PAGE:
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Bay Enterprises Ltd.

Bay Enterprises Ltd. is a family-run shellfish farm in Malagash, NS operating oyster leases dating back to 1899

Introduction to a Legacy

Founded in 1974, Bay Enterprises Ltd. emerged as a cooperative alongside other oyster leases facing challenges in the Malagash Basin, Nova Scotia. The Purdy family, at the helm of this venture, boasts a legacy dating back to 1899, with their oyster farming leases enduring through the hardships brought by the Malpeque disease that once devastated the industry. Malpeque disease, a significant affliction in Atlantic Canada’s oyster industry, has historically led to up to 99% mortality in unexposed Eastern Oyster populations, with survivors showing resistance. Its impact was severe in the early and mid-20th century, particularly during outbreaks in 1915 and the 1950s and 60s, causing substantial losses. The last notable outbreaks were recorded in the Bras D’Or Lakes and St Ann’s Harbour, Cape Breton, in 2007, with no significant outbreaks since the 1950s, highlighting the industry’s recovery and resilience.

Charles Purdy leads the current Bay Enterprises operations with his wife Nancy and daughter Rachel.

On the harvester, Charles steers the boat and lowers the end of a conveyor belt into the water. At the head of the conveyor belt, there is a series of pipes which shoot water under the oysters. This process lifts bundles of oysters from the ocean floor onto the conveyor belt by a blast of water. Charles picks the oysters off the belt once they’re above water and separates them into bins.

The best part of Charles’ day is when he finishes harvesting at sunset. “I’m coming in from fishing. I’ve got the boat loaded down, and the sun is just setting. It’s my favorite part.”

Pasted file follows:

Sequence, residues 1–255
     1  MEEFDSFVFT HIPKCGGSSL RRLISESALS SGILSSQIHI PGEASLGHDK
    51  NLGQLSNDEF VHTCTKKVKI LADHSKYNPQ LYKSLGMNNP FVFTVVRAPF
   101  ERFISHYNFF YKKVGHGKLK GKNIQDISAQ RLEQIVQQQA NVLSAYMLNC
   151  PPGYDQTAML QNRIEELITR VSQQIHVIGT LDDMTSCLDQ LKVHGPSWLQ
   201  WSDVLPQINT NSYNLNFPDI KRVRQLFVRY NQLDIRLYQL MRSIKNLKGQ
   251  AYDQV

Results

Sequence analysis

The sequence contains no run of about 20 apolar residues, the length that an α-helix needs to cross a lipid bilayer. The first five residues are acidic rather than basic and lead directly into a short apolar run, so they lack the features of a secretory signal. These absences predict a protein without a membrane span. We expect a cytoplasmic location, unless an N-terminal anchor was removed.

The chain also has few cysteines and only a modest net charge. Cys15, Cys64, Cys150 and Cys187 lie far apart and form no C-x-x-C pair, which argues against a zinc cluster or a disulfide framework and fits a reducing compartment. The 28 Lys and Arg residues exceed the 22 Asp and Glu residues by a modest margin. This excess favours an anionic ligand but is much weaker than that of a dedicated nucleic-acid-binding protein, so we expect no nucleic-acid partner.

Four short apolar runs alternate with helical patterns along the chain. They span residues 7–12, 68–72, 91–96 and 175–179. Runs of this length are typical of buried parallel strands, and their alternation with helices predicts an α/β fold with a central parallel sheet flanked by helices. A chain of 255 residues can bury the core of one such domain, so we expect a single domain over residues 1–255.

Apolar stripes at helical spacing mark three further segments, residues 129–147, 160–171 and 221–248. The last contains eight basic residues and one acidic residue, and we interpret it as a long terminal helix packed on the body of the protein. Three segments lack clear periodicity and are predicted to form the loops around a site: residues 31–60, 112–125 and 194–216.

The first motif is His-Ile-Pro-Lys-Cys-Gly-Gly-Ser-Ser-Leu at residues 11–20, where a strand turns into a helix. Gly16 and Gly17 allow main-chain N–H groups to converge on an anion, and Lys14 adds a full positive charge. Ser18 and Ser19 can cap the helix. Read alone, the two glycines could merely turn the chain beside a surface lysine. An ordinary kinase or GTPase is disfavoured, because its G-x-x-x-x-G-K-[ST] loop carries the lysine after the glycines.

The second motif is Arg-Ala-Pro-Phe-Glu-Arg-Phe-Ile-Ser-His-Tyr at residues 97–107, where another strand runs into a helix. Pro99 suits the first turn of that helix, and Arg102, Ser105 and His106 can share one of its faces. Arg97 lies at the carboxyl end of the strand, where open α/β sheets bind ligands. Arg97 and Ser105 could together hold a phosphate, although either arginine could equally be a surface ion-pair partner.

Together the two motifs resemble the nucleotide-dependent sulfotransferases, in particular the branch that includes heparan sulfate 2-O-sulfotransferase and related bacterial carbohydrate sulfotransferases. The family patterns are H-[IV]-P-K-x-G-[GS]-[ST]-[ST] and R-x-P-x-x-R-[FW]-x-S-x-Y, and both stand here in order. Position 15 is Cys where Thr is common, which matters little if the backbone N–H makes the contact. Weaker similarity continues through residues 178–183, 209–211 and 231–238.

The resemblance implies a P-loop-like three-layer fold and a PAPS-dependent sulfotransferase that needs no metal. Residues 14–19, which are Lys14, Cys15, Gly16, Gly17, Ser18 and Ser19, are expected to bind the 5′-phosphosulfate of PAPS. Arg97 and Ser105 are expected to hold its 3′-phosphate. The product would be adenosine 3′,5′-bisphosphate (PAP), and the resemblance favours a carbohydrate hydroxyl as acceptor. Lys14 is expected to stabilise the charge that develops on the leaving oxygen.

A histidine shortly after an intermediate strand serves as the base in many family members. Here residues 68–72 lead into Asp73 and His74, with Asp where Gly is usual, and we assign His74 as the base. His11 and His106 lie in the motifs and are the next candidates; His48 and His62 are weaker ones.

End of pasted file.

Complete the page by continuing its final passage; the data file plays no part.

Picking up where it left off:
Once the oysters are brought to land, Nancy and Rachel Purdy clean them and break the bundles apart. “They’re growing naturally on the bottom, so they’re not perfectly perfect,” says Nancy. They sort the oysters by size and quality, and inspect each oyster, tapping them with a knife to ensure they are full, and looking for cracks or breaks on the shells. “Everything we do here is done by hand,” says Charles. “We go the extra distance. It costs us money to do it, but it certainly makes a difference in the quality.”

The Purdys also take extra care when they’re packaging their oysters, making sure every oyster goes into the box the proper way: cup down. “There are a lot of little things we try to do to make sure the quality is the very, very best that we can make it. The bay does its part, and we try to do ours.” says Charles.

Nancy’s favourite part of being an oyster farmer is being her own boss. “Being self-employed, you get to do what you want,” says Nancy. “You have the freedom to take off if you want to.” But, being self-employed comes with its own set of challenges.



A Philosophy Rooted in Nature

Charles Purdy holds a philosophy that the title of “Best Oysters in the World” can fluctuate daily, with the bay’s natural bounty playing a pivotal role. Despite experimenting with new technologies, Charles emphasizes a commitment to traditional, natural methods to maintain harmony with nature’s rhythm.

Overcoming Nature’s Challenges

Facing hurricanes like the formidable storm Juan and invasive species poses significant challenges, disrupting oyster beds and affecting clams. Green

crabs and invasive species can cause problems for the clams in particular. New species of algae like “dead man’s fingers” have shown up recently. Adaptations to storms are difficult, so the Purdys try to weather them as best as they can.

With their harvester, they can raise the oysters a off the seabed to prevent the debris build up on bottom culture oysters. Adapting to such adversities, Bay Enterprises relies on the resilience of their natural systems.

Flavour Profile & Pairings

Charles notes that everyone has different tastes and he encourages experiemtation, but he also left us with a couple suggestions to try with his oysters:
Jost Tidal Bay Wine
– Tatamagouche Brewery – they occasionally produce an oyster stout using Malagash Oysters. Until they have that available again, check out their other offerings here





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